So, there you go. The tricks of my puffy-paint-mastery trade. Probably a lot of this is common sense for my fellow crafty librarians and teachers, but I hope that it was helpful to some.

Now, *claps you on the back* go forth and make the best darn puffy-painted flannel pieces you can! I believe in you!

Story Stretcher: In Front of My House by Marianne Dubuc

21 Aug

Some books really lend themselves to discussion. They make storytimes REALLY conversational and fun. Marianne Dubuc’s In Front of My House might not make the best storytime story (the book is kinda small so wouldn’t work for big crowds) but reading it one-on-one could prompt some fun storytelling, or, if you’ve got a class of kindergarteners or 1st graders, lead to a great writing exercise.

The story begins with: “On a little hill, behind a brown fence, under a big oak tree, [and on the opposite page] is…” The next page follows with a noun: “my house.” Opposite that is another prepositional phrase: “In front of my house….” and we have to turn the page to see what’s in front. The book continues in this way, with noun on the left and prepositional phrase on the right, as the story gets more and more outrageous, and princesses, vampires, an orangutan, and outer space come in to play (not at all in a scary way).*

Can you see the possibilities? It would be great fun to create your own story using In Front of My House as a model. Kids could write and illustrate their own stories, or you could take turns creating the story out loud.  Mine would go something like this:

On a mountain, by a lake, there is….a cabin

In front of the cabin…a garden

In the garden….some flowers.

On the flowers….a bee.

Near the bee…a window.

In the window…a face.

On the face…a smile.

Hmmm…I’ll have to think about the rest of it.


*One picture is of a hunter with a gun. He’s not doing anything with it, or aiming it, just holding it. It’s not mentioned in the story. But some schools have rules about guns, so I thought I would give a heads’ up.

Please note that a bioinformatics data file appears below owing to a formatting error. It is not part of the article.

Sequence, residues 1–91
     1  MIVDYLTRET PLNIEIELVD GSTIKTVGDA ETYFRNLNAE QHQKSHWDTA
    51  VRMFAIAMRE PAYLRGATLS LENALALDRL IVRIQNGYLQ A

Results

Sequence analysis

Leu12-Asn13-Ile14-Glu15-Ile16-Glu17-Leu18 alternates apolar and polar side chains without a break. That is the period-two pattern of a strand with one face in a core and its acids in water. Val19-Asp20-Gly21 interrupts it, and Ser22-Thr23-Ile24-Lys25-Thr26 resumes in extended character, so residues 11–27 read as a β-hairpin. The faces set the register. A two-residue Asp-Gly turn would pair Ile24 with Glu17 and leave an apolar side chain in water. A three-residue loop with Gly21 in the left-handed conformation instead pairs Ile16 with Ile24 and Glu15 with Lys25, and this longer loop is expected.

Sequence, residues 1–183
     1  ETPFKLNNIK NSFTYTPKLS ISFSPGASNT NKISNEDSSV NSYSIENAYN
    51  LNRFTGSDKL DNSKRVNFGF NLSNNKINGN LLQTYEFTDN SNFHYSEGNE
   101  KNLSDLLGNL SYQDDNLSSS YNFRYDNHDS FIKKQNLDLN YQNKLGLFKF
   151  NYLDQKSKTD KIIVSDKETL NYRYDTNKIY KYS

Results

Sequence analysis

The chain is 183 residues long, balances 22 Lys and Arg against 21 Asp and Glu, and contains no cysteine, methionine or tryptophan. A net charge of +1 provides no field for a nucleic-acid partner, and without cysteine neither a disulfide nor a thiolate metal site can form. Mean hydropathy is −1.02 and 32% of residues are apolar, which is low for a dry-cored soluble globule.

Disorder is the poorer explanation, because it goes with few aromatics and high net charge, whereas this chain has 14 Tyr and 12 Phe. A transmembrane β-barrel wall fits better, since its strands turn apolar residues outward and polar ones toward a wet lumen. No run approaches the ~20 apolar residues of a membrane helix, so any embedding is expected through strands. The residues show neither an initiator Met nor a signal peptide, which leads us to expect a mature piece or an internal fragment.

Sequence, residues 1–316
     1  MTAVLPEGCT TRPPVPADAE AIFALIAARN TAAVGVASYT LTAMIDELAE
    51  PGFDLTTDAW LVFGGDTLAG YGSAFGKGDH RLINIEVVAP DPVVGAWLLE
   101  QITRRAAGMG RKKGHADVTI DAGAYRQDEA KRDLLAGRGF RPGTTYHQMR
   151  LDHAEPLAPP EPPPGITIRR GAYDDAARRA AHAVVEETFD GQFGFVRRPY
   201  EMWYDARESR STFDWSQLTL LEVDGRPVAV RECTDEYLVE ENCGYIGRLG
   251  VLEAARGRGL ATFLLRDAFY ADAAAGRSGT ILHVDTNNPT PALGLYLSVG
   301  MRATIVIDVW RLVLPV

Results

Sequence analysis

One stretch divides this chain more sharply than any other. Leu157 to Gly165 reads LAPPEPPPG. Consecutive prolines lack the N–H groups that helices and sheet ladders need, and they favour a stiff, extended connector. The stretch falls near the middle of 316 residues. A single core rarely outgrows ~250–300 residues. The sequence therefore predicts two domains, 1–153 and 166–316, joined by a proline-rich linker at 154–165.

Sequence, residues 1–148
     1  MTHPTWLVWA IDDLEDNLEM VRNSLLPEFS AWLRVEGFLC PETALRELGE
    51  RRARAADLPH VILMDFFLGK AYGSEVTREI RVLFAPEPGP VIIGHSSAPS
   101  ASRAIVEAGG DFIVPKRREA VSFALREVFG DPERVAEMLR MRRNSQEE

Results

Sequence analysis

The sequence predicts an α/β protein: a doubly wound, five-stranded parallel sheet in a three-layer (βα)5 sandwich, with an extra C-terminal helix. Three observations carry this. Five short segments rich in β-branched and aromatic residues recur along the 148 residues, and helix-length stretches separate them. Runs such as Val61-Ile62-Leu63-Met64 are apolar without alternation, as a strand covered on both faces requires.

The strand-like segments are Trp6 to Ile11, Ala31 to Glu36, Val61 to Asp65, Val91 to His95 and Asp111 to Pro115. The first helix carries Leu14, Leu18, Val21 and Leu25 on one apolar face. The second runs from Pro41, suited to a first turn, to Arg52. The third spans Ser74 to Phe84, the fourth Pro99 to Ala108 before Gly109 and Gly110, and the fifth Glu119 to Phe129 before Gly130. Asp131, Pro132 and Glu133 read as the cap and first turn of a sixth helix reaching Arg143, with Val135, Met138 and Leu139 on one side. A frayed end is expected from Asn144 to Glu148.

¡Celebramos! Hispanic Heritage Month Storytime

23 Sep

This Saturday I will be helping my library celebrate Hispanic Heritage Month with a bilingual storytime.  It’s going to be tons of fun!!  Here’s my storytime plan so far:

  • Ramos, Jorge.  I’m Just Like My Mom/I’m Just Like My Dad=Me parezco tanto a mi mamá/Me parezco tanto a mi papá.  One of the few celebrity-penned books I like.  A simple, sweet story about parents and children together (and how they resemble each other, not only physically, but in personality as well)
  • Ehlert, Lois. Un lazo a la luna=Moon Rope. A Peruvian folktale about a Fox and Mole who try to climb to the moon via a grass rope.
  • Flannelboard: Un elefante se balanceaba — I have a bunch of tiny elephants and I “balance” them one by one on a piece of yarn stretched across the flannelboard.  The kids help call the elephants and count each time.  When we get up to about 7, I shake the flannelboard and they all fall off.

Un elefante se balanceaba/One elephant went out to play
Sobre la tela de una araña/Upon a spider’s web one day
Cómo veía que resistía/He had such enormous fun
Fue a llamar a otro elefante!/He called another elephant to come!

(Shout as if calling): ¡Elefante!

Dos elefantes se balanceaban/Two elephants went out to play…


  • Song: Bate Bate Chocolate (the version here isn’t sung, but it gives you the idea)  Great participation song.  We count and pretend to mix the chocolate.
  • Diaz, David.  De Colores=Bright With Colors.  I’ll sing this book; it’s a lovely song.  David Diaz’s illustrations are gorgeous.

I may add one more book; I’m not sure yet.  But this is the general plan.

After storytime, it’s on to the crafts!  Thank goodness I’m kind of crafty, because this week I’ve taught myself how to do:

Papel Picado (basically translates as “punched-out” or “picked-out” paper).  The book Making Magic Windows by Carmen Lomas Garza is great for learning this:

Papel Picado

Papel Picado

Tissue Paper Flowers (I had a bit of trial and error with these.  But I think I’ve got it down):

Tissue Paper Flowers

Tissue Paper Flowers

Do you have any Spanish-language favorites or Latin American Folktales you love?  ¡Compártenlos! (Share them!)